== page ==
Part I of this Article explains the factual background and procedural posture of the Kaestner Trust case and frames the constitutional questions that are before the Court.18 Part II examines how and why due process applies in the state income taxation context, with a particular focus on how the familiar concepts of general and specific jurisdiction apply uneasily to donative trusts. Part III articulates the reasons that the Court should hold that a state has no constitutional authority to impose a tax on trust income where the trust’s only connection with the forum state is the residence of a contingent beneficiary.
A. The Long Path to the Supreme Court
On December 30, 1992, under a single umbrella irrevocable trust agreement, Joseph Kee Rice III created three separate share trusts, with one for the benefit of each of his three children and their descendants.19 The umbrella trust agreement explicitly states that New York law governs the terms of each separate share trust.20
At the time of trust creation, both Mr. Rice and the initial trustee were residents of and domiciled in New York.21 On the basis of the residence of the trustee, the trust was subject to income taxation in the state of New York.22 At that time, no descendants of Mr. Rice were domiciled in or maintained a residence in North Carolina.23 Some years later, in 1995, Mr. Rice moved to Florida.24 In 1997, Kimberley Rice Kaestner, Mr. Rice’s daughter and a beneficiary of one of the separate share trusts, moved to North Carolina.25 She and her children continuously resided in North Carolina throughout the tax years in question, 2005 to 2008.
Pursuant to the terms of the trust agreement, the trustee was to distribute all of the separate share trust property to Kimberley Rice Kaestner upon her attaining the age of forty on June 2, 2009. Prior to this time, however, neither Ms. Kaestner nor any of her descendants were entitled to any income or principal from the trust.26 In fact, the trustee did not make any discretionary distributions from the trust.27 During this time, the trustee did, however, make loans from the trust in order to allow Ms. Kaestner to make certain business investments and to cover a capital call on a limited partnership interest held in another trust.28
North Carolina imposes an income tax on any trust for the benefit of a North Carolina resident (as well as residents outside of North Carolina if certain other conditions are met).29 North Carolina makes no distinction between beneficiaries who actually receive trust income and beneficiaries who merely might (but do not in fact) receive trust income.30 In other words, according to North Carolina, the fact that a contingent income beneficiary resides in-state is sufficient for the trust to become subject to state income tax, regardless of whether the discretionary income beneficiary receives any distribution of income from a trust that otherwise has no connection with North Carolina.
For the tax years 2005 through 2008 inclusive (before Ms. Kaestner’s fortieth birthday), the trustee filed a fiduciary income tax return in North Carolina and paid tax on the accumulated and undistributed trust income.31 In 2012, the trustee then filed a refund claim for more than $1.3 million paid during those tax years.32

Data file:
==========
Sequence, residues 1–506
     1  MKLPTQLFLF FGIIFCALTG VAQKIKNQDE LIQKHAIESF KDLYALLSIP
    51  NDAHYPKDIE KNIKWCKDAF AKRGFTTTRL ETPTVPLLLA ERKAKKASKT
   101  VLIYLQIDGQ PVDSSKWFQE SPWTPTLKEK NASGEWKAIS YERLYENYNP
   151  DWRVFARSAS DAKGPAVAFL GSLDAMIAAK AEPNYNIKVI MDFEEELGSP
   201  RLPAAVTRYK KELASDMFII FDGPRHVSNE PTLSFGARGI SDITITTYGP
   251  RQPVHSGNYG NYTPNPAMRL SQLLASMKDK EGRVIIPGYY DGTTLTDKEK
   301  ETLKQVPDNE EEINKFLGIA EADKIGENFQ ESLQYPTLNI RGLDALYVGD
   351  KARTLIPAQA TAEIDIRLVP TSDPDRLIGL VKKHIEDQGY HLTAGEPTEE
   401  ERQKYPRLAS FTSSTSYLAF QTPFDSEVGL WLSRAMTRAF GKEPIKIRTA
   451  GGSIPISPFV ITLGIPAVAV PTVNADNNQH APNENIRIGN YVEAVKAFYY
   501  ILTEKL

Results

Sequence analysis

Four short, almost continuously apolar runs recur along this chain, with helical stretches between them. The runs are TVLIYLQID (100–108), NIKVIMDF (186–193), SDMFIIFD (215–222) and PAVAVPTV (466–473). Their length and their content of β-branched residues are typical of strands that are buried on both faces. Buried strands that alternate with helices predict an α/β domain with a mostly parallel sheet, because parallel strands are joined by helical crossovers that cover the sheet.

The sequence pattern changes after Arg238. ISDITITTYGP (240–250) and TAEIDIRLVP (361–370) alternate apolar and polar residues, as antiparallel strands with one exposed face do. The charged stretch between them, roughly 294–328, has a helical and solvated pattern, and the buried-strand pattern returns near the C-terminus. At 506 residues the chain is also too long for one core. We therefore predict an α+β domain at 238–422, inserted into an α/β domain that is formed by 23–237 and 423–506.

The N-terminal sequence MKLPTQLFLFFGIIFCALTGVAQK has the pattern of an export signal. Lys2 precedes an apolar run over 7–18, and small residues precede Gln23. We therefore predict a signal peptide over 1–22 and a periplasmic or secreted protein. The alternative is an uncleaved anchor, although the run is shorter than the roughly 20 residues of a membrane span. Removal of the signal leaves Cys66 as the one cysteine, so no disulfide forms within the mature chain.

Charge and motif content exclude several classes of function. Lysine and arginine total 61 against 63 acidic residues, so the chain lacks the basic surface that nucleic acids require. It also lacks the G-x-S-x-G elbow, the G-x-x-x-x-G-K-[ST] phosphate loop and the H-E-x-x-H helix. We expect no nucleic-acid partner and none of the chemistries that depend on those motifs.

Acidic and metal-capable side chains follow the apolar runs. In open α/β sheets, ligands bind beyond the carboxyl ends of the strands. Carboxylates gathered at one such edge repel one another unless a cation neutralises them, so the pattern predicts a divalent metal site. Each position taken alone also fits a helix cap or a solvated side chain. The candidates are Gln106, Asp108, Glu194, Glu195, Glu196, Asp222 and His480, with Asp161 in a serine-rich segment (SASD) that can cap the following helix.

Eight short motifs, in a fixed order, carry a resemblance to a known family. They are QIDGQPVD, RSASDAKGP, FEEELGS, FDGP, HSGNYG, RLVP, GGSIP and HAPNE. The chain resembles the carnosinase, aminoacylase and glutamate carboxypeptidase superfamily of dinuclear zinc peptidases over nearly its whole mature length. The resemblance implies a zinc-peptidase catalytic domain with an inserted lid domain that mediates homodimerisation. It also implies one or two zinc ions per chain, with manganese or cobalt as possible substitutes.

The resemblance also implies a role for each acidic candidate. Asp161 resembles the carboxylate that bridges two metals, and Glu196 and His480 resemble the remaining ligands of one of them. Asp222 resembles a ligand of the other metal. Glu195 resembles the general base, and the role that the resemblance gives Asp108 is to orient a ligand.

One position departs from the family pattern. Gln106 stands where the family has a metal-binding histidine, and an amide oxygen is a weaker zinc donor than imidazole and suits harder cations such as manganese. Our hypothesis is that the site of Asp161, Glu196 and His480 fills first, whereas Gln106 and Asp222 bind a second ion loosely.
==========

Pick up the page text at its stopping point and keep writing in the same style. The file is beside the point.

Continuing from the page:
The trustee argued for a refund on two grounds. First, the trustee claimed that the North Carolina tax statute is unconstitutional because it violates the Due Process Clause of the Fourteenth Amendment (and its state counterpart).33 Under the United States Supreme Court’s decision in Quill Corp. v. North Dakota,34 which, in 2012, was the most current guidance on the relationship between state taxation and interstate commerce, the Due Process Clause requires (1) “some definite link, some minimum connection, between a state and a person, property or transaction it seeks to tax;” and (2) “that the income attributed to the state for tax purposes . . . be rationally related to values connected with the taxing state.”35 The trustee of the Kimberley Rice Kaestner Trust asserted that North Carolina lacked minimum contacts with the trust.36 The trustee himself resided outside of North Carolina, the trust property and the trust situs were located outside of the state,37 the trust assets had never been distributed to anyone located in North Carolina, and the trustee had not done anything to “avail [the trust] of the benefits and protections of North Carolina.”38 Thus, the trustee argued, North Carolina’s tax law clearly violated the Due Process Clause.39
The trustee’s second argument was that North Carolina’s tax law violates the Commerce Clause of Article I of the U.S. Constitution.40 The Commerce Clause requires a substantial nexus between the taxed entity or person and the state, an apportionment of the tax to the degree of activity connected to the state, a fair relationship between the tax and the services provided by the state, as well as nondiscrimination against interstate commerce.41 The Kaestner Trust trustee claimed that North Carolina failed all of these requirements. Most importantly, the trustee asserted that North Carolina lacked a “substantial nexus” with the trust.42 Furthermore, according to the trustee, any state income tax was not fairly apportioned among the jurisdictions that did have a nexus with the trust, the North Carolina income tax discriminated against interstate commerce, and the trust did not receive services from the state in fair proportion to the tax the trust paid.43